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Marine Ecology Progress Series

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MEPS 201:211-220 (2000)  -  doi:10.3354/meps201211

Limited wind-driven dispersal of intertidal mussel larvae: in situ evidence from the plankton and the spread of the invasive species Mytilus galloprovincialis in South Africa

C. D. McQuaid*, T. E. Phillips

Department of Zoology & Entomology, Rhodes University, Grahamstown 6140, South Africa

ABSTRACT: Dispersal of intertidal mussel propagules was examined by sampling larvae (0.2 to 0.8 mm) of Perna perna in shallow (10 to 20 m) inshore waters on the south coast of South Africa. Mussels were randomly distributed through the water column with no signs of diel vertical migration. Horizontal distribution was sampled on fine scale grids of plankton stations on 5 occasions. Lines of stations ran offshore and were 300 m apart. Within each line, stations were 10 m apart. On each occasion grids were sampled 3 to 4 times in rapid succession so that each station was sampled at intervals of about 1 h. Distribution was patchy and denser clouds of larvae moved in the same direction and at the same speeds as surface currents. Displacement of passive particles moving with wind-driven currents was estimated from wind data. Over periods of 1 mo estimated total displacement was 118 to 220 km depending on month and year. However, because of frequent changes in wind direction, net displacement for any month was 54 to 164 km to the northeast. These estimates were compared with the rate of spread over 4 yr of an invasive intertidal mussel (Mytilus galloprovincialis) dispersing initially from a single-point source. Spread was estimated as the furthest occurrence of M. galloprovincialis from the parent population. After 4 yr, 90% of individuals sampled were <5 km from the original population. Yearly increase in range between 1988 (introduction to the area) and 1992 was strongly directional: 55 to 97 km to the northeast and 12 to 29 km to the southwest. The good match with estimates from wind data implies that mussel larvae in this region are dispersed like passive particles and that dispersal direction and ranges can be predicted from hydrographic data. The results strongly suggest that maximum effective dispersal of mussel larvae in this area is relatively limited (<100 km), with the great majority of successful recruits appearing within <5 km of the parent population.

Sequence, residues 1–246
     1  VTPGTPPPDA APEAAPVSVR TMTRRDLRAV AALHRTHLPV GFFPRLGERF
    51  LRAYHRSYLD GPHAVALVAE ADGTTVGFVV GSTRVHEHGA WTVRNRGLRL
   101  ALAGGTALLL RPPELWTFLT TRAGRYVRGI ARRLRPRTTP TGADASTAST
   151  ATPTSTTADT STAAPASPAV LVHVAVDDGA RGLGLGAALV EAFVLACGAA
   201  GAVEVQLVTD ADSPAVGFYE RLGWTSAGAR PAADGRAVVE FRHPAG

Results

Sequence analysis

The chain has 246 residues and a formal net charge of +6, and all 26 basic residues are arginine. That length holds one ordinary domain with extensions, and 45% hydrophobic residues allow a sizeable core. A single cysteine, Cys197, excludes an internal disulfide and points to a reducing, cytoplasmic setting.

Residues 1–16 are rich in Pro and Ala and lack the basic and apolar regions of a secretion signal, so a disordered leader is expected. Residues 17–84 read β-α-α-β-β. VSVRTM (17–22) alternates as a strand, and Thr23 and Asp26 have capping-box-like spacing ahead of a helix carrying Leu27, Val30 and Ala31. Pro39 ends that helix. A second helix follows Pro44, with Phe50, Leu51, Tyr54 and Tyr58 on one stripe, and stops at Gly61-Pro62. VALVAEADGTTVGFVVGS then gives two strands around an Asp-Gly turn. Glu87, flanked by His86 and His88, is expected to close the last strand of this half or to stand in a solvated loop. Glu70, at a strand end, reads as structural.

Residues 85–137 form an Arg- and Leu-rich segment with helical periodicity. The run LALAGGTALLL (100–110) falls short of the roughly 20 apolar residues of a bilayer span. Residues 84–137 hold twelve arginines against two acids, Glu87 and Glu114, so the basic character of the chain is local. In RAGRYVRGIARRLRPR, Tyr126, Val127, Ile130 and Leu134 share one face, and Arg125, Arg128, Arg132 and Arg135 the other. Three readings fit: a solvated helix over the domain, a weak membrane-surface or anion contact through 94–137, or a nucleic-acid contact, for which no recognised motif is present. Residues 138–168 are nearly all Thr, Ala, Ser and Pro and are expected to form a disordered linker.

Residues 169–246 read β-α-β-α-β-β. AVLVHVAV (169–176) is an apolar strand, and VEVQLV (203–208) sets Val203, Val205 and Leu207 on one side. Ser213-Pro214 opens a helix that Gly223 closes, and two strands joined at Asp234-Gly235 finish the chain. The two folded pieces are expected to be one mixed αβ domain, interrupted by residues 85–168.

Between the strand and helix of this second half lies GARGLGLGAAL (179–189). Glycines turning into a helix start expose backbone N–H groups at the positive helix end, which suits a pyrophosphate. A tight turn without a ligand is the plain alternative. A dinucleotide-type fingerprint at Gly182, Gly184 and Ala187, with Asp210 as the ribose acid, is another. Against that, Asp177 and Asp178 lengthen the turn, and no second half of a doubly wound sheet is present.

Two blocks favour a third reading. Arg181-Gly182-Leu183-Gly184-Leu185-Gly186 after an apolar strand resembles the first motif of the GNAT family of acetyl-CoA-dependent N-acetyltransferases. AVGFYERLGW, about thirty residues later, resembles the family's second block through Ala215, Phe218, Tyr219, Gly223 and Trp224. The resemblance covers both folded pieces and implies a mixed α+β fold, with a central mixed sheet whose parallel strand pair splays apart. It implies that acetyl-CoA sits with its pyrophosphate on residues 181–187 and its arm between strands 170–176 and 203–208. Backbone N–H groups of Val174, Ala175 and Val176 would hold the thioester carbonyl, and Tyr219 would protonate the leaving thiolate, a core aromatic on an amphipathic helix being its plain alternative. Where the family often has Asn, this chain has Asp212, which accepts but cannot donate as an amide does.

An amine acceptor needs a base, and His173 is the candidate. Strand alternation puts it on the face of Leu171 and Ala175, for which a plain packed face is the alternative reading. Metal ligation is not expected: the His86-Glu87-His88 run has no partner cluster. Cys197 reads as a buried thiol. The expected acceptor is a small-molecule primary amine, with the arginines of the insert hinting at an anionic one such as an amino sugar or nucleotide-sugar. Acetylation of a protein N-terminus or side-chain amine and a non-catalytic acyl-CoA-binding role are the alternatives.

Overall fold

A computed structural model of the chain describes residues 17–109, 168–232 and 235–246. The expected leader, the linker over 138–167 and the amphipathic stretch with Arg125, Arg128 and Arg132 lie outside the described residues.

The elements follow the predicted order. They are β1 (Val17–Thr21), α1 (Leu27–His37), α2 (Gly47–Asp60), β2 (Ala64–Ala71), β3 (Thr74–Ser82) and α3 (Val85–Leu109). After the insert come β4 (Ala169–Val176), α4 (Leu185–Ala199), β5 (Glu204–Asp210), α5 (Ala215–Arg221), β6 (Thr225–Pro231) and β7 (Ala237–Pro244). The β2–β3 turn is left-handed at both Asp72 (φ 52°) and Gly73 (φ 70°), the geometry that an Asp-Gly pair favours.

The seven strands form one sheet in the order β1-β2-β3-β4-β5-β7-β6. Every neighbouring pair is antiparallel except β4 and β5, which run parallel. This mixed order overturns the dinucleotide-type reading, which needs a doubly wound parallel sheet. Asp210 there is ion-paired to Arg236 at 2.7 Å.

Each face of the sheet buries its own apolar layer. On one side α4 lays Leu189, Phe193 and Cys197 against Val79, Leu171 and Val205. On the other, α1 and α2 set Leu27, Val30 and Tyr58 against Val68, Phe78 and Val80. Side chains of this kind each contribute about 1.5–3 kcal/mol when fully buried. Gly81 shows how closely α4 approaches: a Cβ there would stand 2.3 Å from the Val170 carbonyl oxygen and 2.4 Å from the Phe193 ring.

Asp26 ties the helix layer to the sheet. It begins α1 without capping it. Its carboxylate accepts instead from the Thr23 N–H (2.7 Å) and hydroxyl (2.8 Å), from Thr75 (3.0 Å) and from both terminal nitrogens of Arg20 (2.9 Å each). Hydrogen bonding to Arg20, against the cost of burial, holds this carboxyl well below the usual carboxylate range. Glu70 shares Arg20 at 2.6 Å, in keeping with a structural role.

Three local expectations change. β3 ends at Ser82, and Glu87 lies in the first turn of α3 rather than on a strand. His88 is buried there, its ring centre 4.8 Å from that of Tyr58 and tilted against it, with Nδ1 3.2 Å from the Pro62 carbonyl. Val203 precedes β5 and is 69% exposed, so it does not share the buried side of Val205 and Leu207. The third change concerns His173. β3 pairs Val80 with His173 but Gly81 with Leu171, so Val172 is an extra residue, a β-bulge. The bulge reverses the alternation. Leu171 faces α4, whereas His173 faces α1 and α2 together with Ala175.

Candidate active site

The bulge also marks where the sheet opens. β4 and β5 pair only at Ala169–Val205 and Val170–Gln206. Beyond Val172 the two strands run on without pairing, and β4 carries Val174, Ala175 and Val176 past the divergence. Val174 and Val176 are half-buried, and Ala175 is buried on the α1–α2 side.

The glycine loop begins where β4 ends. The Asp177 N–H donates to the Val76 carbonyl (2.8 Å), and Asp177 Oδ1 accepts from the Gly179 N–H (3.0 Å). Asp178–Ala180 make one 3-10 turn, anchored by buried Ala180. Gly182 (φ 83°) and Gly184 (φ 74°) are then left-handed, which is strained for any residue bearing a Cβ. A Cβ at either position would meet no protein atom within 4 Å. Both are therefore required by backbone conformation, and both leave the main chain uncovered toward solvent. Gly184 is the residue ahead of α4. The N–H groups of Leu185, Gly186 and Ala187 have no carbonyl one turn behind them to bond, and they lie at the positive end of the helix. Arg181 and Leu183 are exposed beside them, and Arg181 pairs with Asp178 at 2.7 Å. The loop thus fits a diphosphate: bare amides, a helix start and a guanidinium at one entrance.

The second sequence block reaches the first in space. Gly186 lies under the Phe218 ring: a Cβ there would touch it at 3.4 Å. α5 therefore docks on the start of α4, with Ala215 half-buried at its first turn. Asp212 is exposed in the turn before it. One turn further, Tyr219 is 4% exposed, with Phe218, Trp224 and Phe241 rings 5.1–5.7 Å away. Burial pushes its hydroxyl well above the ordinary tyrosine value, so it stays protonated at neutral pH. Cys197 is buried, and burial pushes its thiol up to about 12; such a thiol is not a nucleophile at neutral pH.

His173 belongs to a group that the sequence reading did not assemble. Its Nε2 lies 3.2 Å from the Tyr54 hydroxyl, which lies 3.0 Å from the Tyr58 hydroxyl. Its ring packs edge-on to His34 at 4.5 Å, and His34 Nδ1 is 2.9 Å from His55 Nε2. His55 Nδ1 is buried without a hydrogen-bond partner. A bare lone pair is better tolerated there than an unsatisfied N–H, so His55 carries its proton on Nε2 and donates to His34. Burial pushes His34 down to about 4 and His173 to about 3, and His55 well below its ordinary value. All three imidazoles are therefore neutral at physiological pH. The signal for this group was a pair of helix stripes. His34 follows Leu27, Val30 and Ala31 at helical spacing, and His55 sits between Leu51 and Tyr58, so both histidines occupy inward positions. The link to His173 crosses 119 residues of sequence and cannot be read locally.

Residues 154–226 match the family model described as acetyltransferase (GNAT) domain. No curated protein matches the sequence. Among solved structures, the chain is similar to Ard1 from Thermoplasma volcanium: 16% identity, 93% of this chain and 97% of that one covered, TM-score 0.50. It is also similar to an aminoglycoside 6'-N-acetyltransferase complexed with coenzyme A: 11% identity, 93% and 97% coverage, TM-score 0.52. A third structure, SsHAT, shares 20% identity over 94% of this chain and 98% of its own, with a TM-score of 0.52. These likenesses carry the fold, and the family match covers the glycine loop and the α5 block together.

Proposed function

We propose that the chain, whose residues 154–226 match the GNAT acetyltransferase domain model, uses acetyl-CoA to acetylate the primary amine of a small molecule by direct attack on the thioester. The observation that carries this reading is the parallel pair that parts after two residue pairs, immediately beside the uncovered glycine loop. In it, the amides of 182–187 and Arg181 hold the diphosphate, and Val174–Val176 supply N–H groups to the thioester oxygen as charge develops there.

KEY WORDS: Intertidal · Invasive species · Larval dispersal · Mussels · Mytilus · Perna

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